It seems fitting to describe Liz Phair’s recent show as orgasmic. But at the risk of veering into alert-level NME hyperbole, it was the best show I’ve seen all year, and so totally worth the hours and hours on a train it takes to get to and from Philly and still be at work the next morning.
The show was billed as “Liz Phair plays Exile in Guyville,” and that’s pretty much what it was, her groundbreaking, critically acclaimed 1993 album, start to finish, mostly in order. She switched “Johnny Sunshine” and “Flower” but otherwise stayed true to the original tracklist.
Phair took some heat earlier this summer for being unprepared and clumsy on-stage, but she’s gotten over those problems since the first round of shows, and was tight, professional, and comfortable. She slipped up here and there, but chances are I only noticed because I’ve listened to the record hundreds of times throughout my high school, college and post-college life.
In an era when many female musicians either play girl gone wild with little sense of irony or history (Katy Perry kissed a girl – hope her boyfriend doesn’t mind! Tee-hee. And when the Pussycat Dolls grow up, one of the highest callings they aspire to is “hav[ing] boobies.”), or play down their sexuality to the point of being asexual (MIA, Feist, and their ilk might sing the occasional tune about boys, but they keep the cleavage covered), Phair’s re-release is a reminder of a time women could sing about sex, power, and conflict, and be taken seriously. In retrospect, Phair is the indie-rock Madonna – a powerful, forthright woman who voiced her own desire before becoming a caricature of herself.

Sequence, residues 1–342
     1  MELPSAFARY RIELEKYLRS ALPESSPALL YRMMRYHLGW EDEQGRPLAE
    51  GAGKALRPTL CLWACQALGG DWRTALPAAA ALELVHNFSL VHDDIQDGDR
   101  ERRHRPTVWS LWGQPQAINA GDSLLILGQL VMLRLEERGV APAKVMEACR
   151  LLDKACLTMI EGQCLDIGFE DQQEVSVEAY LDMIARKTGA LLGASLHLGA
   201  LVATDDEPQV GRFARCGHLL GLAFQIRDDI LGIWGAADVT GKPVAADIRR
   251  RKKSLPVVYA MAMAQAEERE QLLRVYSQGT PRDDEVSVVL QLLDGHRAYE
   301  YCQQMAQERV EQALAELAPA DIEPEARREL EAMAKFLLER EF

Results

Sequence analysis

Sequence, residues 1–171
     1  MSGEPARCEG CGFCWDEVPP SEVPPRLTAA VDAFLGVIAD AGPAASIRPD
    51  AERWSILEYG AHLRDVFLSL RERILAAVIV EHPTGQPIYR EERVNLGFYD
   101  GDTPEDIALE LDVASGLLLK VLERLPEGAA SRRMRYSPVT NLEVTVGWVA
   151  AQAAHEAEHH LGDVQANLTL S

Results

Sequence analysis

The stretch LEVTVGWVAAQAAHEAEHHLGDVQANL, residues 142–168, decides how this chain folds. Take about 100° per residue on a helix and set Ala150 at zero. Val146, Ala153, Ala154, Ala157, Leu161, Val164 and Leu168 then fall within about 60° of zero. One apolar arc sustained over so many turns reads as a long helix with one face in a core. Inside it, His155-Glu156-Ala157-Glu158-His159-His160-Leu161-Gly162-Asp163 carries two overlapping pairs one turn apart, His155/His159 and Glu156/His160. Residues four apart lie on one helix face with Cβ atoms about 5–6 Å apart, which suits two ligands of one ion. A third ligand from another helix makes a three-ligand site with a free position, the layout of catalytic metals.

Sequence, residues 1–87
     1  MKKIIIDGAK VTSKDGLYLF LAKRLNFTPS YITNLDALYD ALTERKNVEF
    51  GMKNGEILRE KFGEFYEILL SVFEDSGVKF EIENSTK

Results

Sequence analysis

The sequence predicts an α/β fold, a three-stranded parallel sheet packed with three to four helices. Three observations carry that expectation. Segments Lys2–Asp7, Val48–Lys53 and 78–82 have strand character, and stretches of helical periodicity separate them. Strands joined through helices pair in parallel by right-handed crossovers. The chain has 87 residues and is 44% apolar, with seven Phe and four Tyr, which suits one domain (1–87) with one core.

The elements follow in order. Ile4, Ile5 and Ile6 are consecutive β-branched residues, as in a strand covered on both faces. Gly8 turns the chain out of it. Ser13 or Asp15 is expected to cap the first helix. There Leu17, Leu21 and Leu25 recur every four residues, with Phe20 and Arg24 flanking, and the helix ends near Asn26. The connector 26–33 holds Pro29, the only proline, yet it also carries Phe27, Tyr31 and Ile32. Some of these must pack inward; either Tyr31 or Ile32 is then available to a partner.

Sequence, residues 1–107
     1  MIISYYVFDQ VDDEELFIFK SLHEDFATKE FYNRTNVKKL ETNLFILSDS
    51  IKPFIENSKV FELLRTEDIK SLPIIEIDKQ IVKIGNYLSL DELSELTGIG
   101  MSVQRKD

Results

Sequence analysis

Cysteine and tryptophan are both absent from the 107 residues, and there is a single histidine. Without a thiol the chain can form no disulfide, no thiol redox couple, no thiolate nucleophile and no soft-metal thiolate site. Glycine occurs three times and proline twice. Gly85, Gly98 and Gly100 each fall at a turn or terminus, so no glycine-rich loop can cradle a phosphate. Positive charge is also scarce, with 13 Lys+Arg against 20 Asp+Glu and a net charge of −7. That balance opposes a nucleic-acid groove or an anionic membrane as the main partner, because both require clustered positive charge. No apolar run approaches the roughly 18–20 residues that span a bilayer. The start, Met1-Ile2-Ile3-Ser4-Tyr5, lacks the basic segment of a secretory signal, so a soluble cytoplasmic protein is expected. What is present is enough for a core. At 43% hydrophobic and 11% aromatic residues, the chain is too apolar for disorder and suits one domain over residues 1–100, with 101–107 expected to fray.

So when everyone in the crowd last night sang along with “Fuck and Run,” the moment was both beautiful and depressing: Beautiful, because I’ve been waiting to hear that song live since I was 15, and depressing ,because teenage girls don’t have songs like that anymore. Phair acknowledges the compulsions that lead her to fuck and run and the fear that she’ll spend her life alone, without the boyfriend, the letters, the sodas, but she jumps in bed anyway. It’s an exploration of the grey areas, far away from a black-and-white world of “True Love Waits” sweatpants at the K-Mart and girls kissing for the sake of the assembled audience.
Phair brought a dude up on the stage to sing “Flower” with her, a nice little gender-play that she swore up and down wasn’t planned. She flew through “Divorce Song” and “Strange Loop” and all the other tracks with the world-weariness of a 20-something girl who has fallen in the wrong bed too many times, had her heart broken a few, and wants to be the seductress and the wife but doubts her commitment to either pursuit. No doubt her world-weariness was amplified by the events of the last 15 years, which saw her taking an ill-fated pop turn and stumbling as an artist. Critics at the time worried Phair’s fans would desert her after she tried to become Avril Lavigne, but judging by the response last night, they’re more forgiving than that.
When I got in a cab to go back to the train station, Bill Clinton was finishing his speech at the DNC, and all of a sudden it was the nineties all over again. History repeats, alas: as I write this, I’m fully aware of another promising young female musician about to be thrown to the major-label wolves and worry that she’ll meet the same fate as Phair. If it happens, though, she should keep in mind that, at least based on the show in Philly, Liz Phair’s story has a happy ending. No pun intended.
“Help Me Mary”
“Dance of the Seven Veils”
“Soap Star Joe”
“Explain It to Me”
“Fuck and Run”
“Girls! Girls! Girls!”